When the power goes out, you’ll just light some candles and read a book and wait for it to pass, right? That might be enough to get you through a couple of hours without electricity in a rainstorm, but if there’s a protracted power outage due to collapse, it’s going to be a different story entirely that requires a far more comprehensive approach.
A recent article posted on Web News Order takes an in-depth look at exactly what will go down when this happens, hour by hour. It’s well worth the read because it is so thorough, and it’s penned by someone who works in emergency management. It’s absolutely mind-boggling just how dependent every part of our lives is on electricity, and it’s just a matter of time before we find that out the hard way.
While electrical grids vary across states and countries, the general sequence of events is pretty similar across the board. Here is a look at some of the highlights.
As soon as the power goes out, the first thing you’ll probably be able to notice (besides the lights not working) is that electrical cooling and heating systems will fail. Most homes will lose their heat pretty quickly in winter, while buildings could become dangerously hot without air conditioning in summer. Commuters could find themselves trapped in subways, and traffic lights will go dark and cause traffic congestion and accidents. These traffic problems will slow emergency response times for everyone.
Cities will lose their water pressure, prompting boil-water advisories that most people won’t be able to follow because they won’t have power for boiling said water. In addition, as hospitals, data centers, and TV and radio stations start using their emergency power, their backup generators may not be able to handle air conditioning and their data centers will start to heat up.
4 Hours Later
While many businesses will be forced to close, those that remain open will start to notice their shelves emptying. Consumers can expect to see profiteering, price gouging, hoarding and panic buying, especially when it comes to items like candles, ice, fuel, bottled water, batteries and flashlights – things you should go ahead and store now if you want to be prepared.
6 Hours Later
Gas stations will see very long lines forming, and those that don’t have hand pumps or battery-operated pumps won’t be able to do business at all. People will find that their toilets cannot flush. It’s around this time that those who were prepared and have emergency radio equipment should be able to start to learn more about the outage’s cause and likely duration.
8 Hours Later
By now, looting on a small scale will be underway and people will start to realize that this is a far more serious problem than your typical post-storm outage that lasts a couple hours. Moreover, when the sun goes down, crime will rise. Those who rely on cool insulin, CPAPs, and oxygen concentrators will start to run into serious problems.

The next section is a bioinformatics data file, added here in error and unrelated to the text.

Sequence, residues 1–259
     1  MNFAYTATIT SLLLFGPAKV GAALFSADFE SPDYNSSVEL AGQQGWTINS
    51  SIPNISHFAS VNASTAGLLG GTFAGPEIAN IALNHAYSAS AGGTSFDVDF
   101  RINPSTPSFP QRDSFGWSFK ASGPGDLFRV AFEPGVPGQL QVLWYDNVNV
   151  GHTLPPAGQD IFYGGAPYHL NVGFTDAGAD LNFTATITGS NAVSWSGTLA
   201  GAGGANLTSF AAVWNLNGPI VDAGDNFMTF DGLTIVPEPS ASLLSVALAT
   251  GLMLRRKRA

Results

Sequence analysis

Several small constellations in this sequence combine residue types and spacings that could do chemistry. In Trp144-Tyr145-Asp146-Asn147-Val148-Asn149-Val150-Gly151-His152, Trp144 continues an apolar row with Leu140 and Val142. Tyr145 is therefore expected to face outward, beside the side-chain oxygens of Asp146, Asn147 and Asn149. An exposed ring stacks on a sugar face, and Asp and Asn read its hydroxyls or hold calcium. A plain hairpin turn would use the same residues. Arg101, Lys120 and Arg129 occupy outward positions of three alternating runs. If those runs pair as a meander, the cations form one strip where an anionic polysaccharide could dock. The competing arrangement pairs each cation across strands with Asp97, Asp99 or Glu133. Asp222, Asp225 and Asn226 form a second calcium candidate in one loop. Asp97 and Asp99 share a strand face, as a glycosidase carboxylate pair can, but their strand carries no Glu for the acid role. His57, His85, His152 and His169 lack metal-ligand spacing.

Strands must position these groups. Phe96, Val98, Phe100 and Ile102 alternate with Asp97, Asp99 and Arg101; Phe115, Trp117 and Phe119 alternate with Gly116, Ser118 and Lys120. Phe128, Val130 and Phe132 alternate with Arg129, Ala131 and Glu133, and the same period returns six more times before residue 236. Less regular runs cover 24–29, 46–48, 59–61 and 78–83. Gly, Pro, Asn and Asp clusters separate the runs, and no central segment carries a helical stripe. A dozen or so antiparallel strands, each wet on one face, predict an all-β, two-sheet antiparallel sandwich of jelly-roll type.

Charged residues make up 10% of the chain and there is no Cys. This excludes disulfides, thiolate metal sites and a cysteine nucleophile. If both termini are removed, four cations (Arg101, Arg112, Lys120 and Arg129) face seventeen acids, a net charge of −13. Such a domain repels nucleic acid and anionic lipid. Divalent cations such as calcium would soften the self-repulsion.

The Next Day
A state of emergency will normally have been declared by now, and troops will be deployed if possible. The food in your freezer will thaw, so you’ll need to start preparing it before it goes bad; hopefully you’ve already got some indoor cooking options like canned heat or propane stoves in place. Fuel rationing will begin around this time, as will casualties from exposure to heat or cold and a lack of access to medication and healthcare.
The Third Day
By this time, the average “prepared” person will have run out of their emergency supplies as the popular 72-hour kits expire. Emergency medical workers and law enforcement officers will stop turning up for their shifts as they grow tired, injured, or worried about leaving their families alone, and violent crime and looting will rise dramatically.
The Fourth Day
Cash will become significantly less useful as people will prefer to barter for essentials like food. Emergency workers will have to prioritize and focus on helping only those with the best chances of surviving as resources run out.
The Fifth Day
By now, you’ll start to see looting slowing down because there simply won’t be anything left for people to loot, and smaller hospitals will have to shut down and evacuate.
The Sixth Day
At this point, doctors may start euthanizing patients who are unlikely to survive, and nursing homes could well abandon patients, as they did after Hurricane Katrina.
A Week Later
By now, diseases related to fecal contamination and waterborne illnesses will start to set in, especially in coastal areas that are situated downstream from big populations. Outbreaks of illnesses like cholera will become widespread. People who had been looting businesses will turn their attention to private residences, and they’ll invade occupied homes as the empty ones run out. Martial law might be declared, and dead bodies will start to pile up and pose a serious microbiological threat.
When you’re making a list and planning what you’d do if this happened, it is useful to keep this timeline in mind so you’ll know what to expect and you can ensure that you’ve covered all the bases. As frightening as it is to think about reaching the point of absolute devastation, this knowledge gives you the power to equip yourself to face the worst with a fighting chance. Be sure to check out Collapse.News regularly to stay on top of the latest collapse-related news.
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